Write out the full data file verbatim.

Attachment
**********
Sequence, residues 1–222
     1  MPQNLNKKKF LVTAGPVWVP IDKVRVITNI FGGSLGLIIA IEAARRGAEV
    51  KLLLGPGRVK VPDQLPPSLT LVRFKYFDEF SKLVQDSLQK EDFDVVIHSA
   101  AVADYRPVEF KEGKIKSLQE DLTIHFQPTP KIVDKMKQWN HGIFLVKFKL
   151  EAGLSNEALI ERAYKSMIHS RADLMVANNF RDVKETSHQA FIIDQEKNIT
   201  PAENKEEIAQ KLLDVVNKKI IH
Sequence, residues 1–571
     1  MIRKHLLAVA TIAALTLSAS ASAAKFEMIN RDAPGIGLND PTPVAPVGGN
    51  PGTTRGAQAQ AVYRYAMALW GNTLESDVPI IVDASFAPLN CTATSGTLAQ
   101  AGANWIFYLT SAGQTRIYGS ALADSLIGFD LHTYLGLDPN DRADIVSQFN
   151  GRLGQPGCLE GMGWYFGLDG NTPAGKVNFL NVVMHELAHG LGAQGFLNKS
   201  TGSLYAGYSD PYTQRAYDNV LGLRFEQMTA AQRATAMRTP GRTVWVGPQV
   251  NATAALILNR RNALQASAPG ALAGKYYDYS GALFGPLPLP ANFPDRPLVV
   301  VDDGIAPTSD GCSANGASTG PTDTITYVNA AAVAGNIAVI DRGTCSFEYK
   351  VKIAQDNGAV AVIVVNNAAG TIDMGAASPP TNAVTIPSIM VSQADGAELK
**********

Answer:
Sequence, residues 1–222
     1  MPQNLNKKKF LVTAGPVWVP IDKVRVITNI FGGSLGLIIA IEAARRGAEV
    51  KLLLGPGRVK VPDQLPPSLT LVRFKYFDEF SKLVQDSLQK EDFDVVIHSA
   101  AVADYRPVEF KEGKIKSLQE DLTIHFQPTP KIVDKMKQWN HGIFLVKFKL
   151  EAGLSNEALI ERAYKSMIHS RADLMVANNF RDVKETSHQA FIIDQEKNIT
   201  PAENKEEIAQ KLLDVVNKKI IH
Sequence, residues 1–571
     1  MIRKHLLAVA TIAALTLSAS ASAAKFEMIN RDAPGIGLND PTPVAPVGGN
    51  PGTTRGAQAQ AVYRYAMALW GNTLESDVPI IVDASFAPLN CTATSGTLAQ
   101  AGANWIFYLT SAGQTRIYGS ALADSLIGFD LHTYLGLDPN DRADIVSQFN
   151  GRLGQPGCLE GMGWYFGLDG NTPAGKVNFL NVVMHELAHG LGAQGFLNKS
   201  TGSLYAGYSD PYTQRAYDNV LGLRFEQMTA AQRATAMRTP GRTVWVGPQV
   251  NATAALILNR RNALQASAPG ALAGKYYDYS GALFGPLPLP ANFPDRPLVV
   301  VDDGIAPTSD GCSANGASTG PTDTITYVNA AAVAGNIAVI DRGTCSFEYK
   351  VKIAQDNGAV AVIVVNNAAG TIDMGAASPP TNAVTIPSIM VSQADGAELK